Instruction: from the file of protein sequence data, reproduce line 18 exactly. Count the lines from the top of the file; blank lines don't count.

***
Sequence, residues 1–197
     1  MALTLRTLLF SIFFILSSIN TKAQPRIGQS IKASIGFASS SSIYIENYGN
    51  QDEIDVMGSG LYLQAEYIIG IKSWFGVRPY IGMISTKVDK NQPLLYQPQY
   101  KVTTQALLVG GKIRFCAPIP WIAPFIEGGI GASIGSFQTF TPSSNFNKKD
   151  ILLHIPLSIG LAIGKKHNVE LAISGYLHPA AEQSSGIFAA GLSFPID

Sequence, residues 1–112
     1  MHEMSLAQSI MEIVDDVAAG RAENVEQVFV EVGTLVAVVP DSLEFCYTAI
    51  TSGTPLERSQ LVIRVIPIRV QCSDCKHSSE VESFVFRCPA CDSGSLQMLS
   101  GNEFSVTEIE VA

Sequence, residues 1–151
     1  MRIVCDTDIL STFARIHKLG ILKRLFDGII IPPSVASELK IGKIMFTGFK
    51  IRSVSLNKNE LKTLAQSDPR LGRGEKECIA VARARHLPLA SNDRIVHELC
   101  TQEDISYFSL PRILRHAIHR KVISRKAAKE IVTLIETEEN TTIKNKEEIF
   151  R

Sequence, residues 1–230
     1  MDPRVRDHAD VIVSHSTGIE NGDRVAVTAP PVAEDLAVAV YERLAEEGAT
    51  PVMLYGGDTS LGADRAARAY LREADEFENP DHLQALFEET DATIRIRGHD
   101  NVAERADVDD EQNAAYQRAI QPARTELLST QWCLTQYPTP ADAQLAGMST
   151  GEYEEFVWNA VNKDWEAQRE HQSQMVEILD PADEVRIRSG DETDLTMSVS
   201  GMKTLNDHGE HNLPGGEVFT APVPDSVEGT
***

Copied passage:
   101  NVAERADVDD EQNAAYQRAI QPARTELLST QWCLTQYPTP ADAQLAGMST